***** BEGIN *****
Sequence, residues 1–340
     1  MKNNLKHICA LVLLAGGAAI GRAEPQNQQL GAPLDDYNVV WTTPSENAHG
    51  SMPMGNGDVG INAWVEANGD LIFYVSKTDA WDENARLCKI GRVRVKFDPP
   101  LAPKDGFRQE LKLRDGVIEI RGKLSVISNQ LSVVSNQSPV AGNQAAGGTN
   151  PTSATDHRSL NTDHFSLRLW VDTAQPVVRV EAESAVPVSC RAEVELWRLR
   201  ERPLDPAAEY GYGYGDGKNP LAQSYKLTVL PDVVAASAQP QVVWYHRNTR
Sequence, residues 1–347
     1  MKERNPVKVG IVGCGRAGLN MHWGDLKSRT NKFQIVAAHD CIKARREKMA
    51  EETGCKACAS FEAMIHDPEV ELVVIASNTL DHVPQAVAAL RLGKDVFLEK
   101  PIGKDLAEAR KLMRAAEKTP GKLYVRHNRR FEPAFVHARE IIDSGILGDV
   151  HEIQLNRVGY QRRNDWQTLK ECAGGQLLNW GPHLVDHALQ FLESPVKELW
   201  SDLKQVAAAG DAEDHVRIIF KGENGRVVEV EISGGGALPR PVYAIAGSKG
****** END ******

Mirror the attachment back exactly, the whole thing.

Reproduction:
Sequence, residues 1–340
     1  MKNNLKHICA LVLLAGGAAI GRAEPQNQQL GAPLDDYNVV WTTPSENAHG
    51  SMPMGNGDVG INAWVEANGD LIFYVSKTDA WDENARLCKI GRVRVKFDPP
   101  LAPKDGFRQE LKLRDGVIEI RGKLSVISNQ LSVVSNQSPV AGNQAAGGTN
   151  PTSATDHRSL NTDHFSLRLW VDTAQPVVRV EAESAVPVSC RAEVELWRLR
   201  ERPLDPAAEY GYGYGDGKNP LAQSYKLTVL PDVVAASAQP QVVWYHRNTR
Sequence, residues 1–347
     1  MKERNPVKVG IVGCGRAGLN MHWGDLKSRT NKFQIVAAHD CIKARREKMA
    51  EETGCKACAS FEAMIHDPEV ELVVIASNTL DHVPQAVAAL RLGKDVFLEK
   101  PIGKDLAEAR KLMRAAEKTP GKLYVRHNRR FEPAFVHARE IIDSGILGDV
   151  HEIQLNRVGY QRRNDWQTLK ECAGGQLLNW GPHLVDHALQ FLESPVKELW
   201  SDLKQVAAAG DAEDHVRIIF KGENGRVVEV EISGGGALPR PVYAIAGSKG